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Rhys Clark (born 17 August 1994) is a Scottish professional snooker player.

Rhys Clark
Rhy Clark PHC 2016.jpg
Paul Hunter Classic 2016
Born (1994-08-17) 17 August 1994 (age 24)
Stonehouse, Lanarkshire
Sport country Scotland
Professional2015–2019
Highest ranking73 (October 2016)[1]
Career winnings£47,750
Highest break134:
2014 Q School – Event 1
Century breaks13
Best ranking finishLast 16 (2016 European Masters, 2016 English Open)

Contents

CareerEdit

AmateurEdit

From the village of Stonehouse, South Lanarkshire in Scotland, Clark started playing snooker from aged 11.[2] As an amateur he featured in various professional tournaments with his best results coming in the 2014 World Snooker Championship first round qualifier where he beat Mike Dunn 10–2 and the 2015 Indian Open wildcard round where he beat former professional Pankaj Advani 4–3.[2]

ProfessionalEdit

In the first event of Q School, Clark reached the final round and made breaks of 63 and 59 against Leo Fernandez and won 4–1, a win which gave Clark a two-year card to the World Snooker Tour for the 2015/2016 season and 2016/2017 seasons.[2][3] He won his first match by beating Grant Miles 5–1 in the 2015 Australian Goldfields Open qualifiers, before losing by a reverse of this scoreline to Li Hang. At the UK Championship he was knocked out in the first round 1–6 by Mark Davis.[4] A 5–0 whitewash over Ken Doherty with a high break of 104 saw Clark qualify for the China Open.[5] In Clark's first appearance at a Chinese ranking event he won a match at a venue for the first time by beating Davis 5–4.[6] In the next round Clark made breaks over 50 in each of the four frames he won, but was edged out 4–5 by Alfie Burden.[7] His first season as a professional ended with an opening round 5–10 defeat to David Gilbert in World Championship qualifying.[4]

Clark received a bye to the second round of the 2016 English Open and then eliminated Lee Walker 4–2 and Kyren Wilson 4–3 (finished the match with 50 plus breaks in five successive frames) to advance to the last 16 of a ranking event for the first time and he lost 1–4 to Stuart Bingham.[8] Clark earned a second round televised match with Ronnie O'Sullivan at the UK Championship after squeezing past Li Hang 6–5, but was whitewashed 0–6.[9] He knocked out Sean O'Sullivan 4–1 and Mitchell Mann at the Gibraltar Open, before losing 2–4 to Neil Robertson[10] Clark ended the season 75th in the world rankings, but has earned a new two-year tour card through the one-year ranking list.[11]

Performance and rankings timelineEdit

Tournament 2012/
13
2013/
14
2014/
15
2015/
16
2016/
17
2017/
18
2018/
19
Ranking[12][nb 1] [nb 2] [nb 2] [nb 2] [nb 3] 95 [nb 4] 95
Ranking tournaments
Riga Masters[nb 5] Not Held MR LQ LQ WD
World Open A LQ Not Held LQ LQ LQ
Paul Hunter Classic Minor-Ranking Event 2R 1R A
China Championship Tournament Not Held NR LQ 1R
European Masters Tournament Not Held 2R LQ A
English Open Tournament Not Held 4R 2R A
International Championship LQ A A LQ LQ LQ LQ
Northern Ireland Open Tournament Not Held 1R 1R A
UK Championship A 1R A 1R 2R WD A
Scottish Open MR Not Held 2R 1R 1R
German Masters A A A LQ LQ LQ A
World Grand Prix Not Held NR DNQ DNQ DNQ DNQ
Welsh Open A 1R A 1R 1R 1R 1R
Shoot-Out Non-Ranking Event 2R A A
Indian Open NH LQ 1R NH LQ LQ A
Players Championship[nb 6] DNQ DNQ DNQ DNQ DNQ DNQ DNQ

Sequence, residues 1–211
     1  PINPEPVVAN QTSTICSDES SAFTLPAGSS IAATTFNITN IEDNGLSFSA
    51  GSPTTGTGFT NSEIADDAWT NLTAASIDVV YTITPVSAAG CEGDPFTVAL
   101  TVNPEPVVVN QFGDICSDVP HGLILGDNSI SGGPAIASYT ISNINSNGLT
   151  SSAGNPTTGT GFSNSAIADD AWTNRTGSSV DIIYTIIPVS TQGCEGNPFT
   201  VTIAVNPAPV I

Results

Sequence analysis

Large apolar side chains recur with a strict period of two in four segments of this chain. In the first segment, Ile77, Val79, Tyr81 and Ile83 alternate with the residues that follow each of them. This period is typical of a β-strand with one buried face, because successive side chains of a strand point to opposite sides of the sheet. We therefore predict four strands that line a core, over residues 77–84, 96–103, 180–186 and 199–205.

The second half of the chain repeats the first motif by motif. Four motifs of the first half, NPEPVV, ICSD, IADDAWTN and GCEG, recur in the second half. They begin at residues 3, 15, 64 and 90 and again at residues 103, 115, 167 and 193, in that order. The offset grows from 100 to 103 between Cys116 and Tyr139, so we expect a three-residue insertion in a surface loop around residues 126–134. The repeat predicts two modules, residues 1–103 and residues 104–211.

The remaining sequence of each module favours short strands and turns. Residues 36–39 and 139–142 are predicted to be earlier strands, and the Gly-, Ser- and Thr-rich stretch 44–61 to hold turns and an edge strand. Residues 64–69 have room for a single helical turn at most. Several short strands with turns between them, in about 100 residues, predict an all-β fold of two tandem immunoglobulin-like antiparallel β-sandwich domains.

Gibraltar Open Not Held MR 3R A A
Tour Championship Tournament Not Held DNQ
China Open A A LQ 2R 1R LQ WD
World Championship A LQ LQ LQ LQ LQ LQ
Former ranking tournaments
Australian Goldfields Open A A A LQ Not Held
Shanghai Masters A LQ A LQ LQ LQ NR
Performance Table Legend
LQ lost in the qualifying draw #R lost in the early rounds of the tournament
(WR = Wildcard round, RR = Round robin)
QF lost in the quarter-finals
SF lost in the semi-finals F lost in the final W won the tournament
DNQ did not qualify for the tournament A did not participate in the tournament WD withdrew from the tournament
NH / Not Held means an event was not held.
NR / Non-Ranking Event means an event is/was no longer a ranking event.
R / Ranking Event means an event is/was a ranking event.
MR / Minor-Ranking Event means an event is/was a minor-ranking event.
  1. ^ It shows the ranking at the beginning of the season.
  2. ^ a b c He was an amateur.
  3. ^ New players on the Main Tour don't have a ranking.
  4. ^ Players qualified One Year Ranking List started the season without ranking points.
  5. ^ The event was called the Riga Open (2014/2015–2015/2016)
  6. ^ The event was called the Players Tour Championship Grand Finals (2011/2012–2012/2013)

ReferencesEdit

  1. ^ "WORLD RANKINGS After 2016 European Masters". World Snooker. Archived from the original on 12 October 2016. Retrieved 12 October 2016.
  2. ^ a b c "Rhys Clark". Pro Snooker Blog. Retrieved 31 May 2015.[permanent dead link]
  3. ^ "Quartet Earn Tour Cards". World Snooker. Retrieved 31 May 2015.
  4. ^ a b "Rhys Clark 2015/2016". Snooker.org. Retrieved 3 June 2015.
  5. ^ "China Wins for Trump and Higgins". Retrieved 13 March 2016.
  6. ^ "Scots snooker starlet Rhys Clark finally ends first-round bogey by defeating Mark Davis at China Open". Evening Times. Retrieved 17 April 2016.
  7. ^ "Alfie Burden edges out Rhys Clark in thriller as John Higgins and Ricky Walden progress at the China Open". Live Snooker. Retrieved 17 April 2016.
  8. ^ "Rhys Clark 4–3 Kyren Wilson". World Snooker. Archived from the original on 21 March 2017. Retrieved 12 April 2017.
  9. ^ "Ronnie O'Sullivan beats Rhys Clark 6–0 at UK Championship". SnooBBC Sport. Retrieved 12 April 2017.
  10. ^ "Rhys Clark 2016/2017". Snooker.org. Retrieved 12 April 2017.
  11. ^ "Rankings 2016/2017". Snooker.org. Retrieved 7 May 2017.
  12. ^ "Ranking History". Snooker.org. Retrieved 6 February 2011.

External linksEdit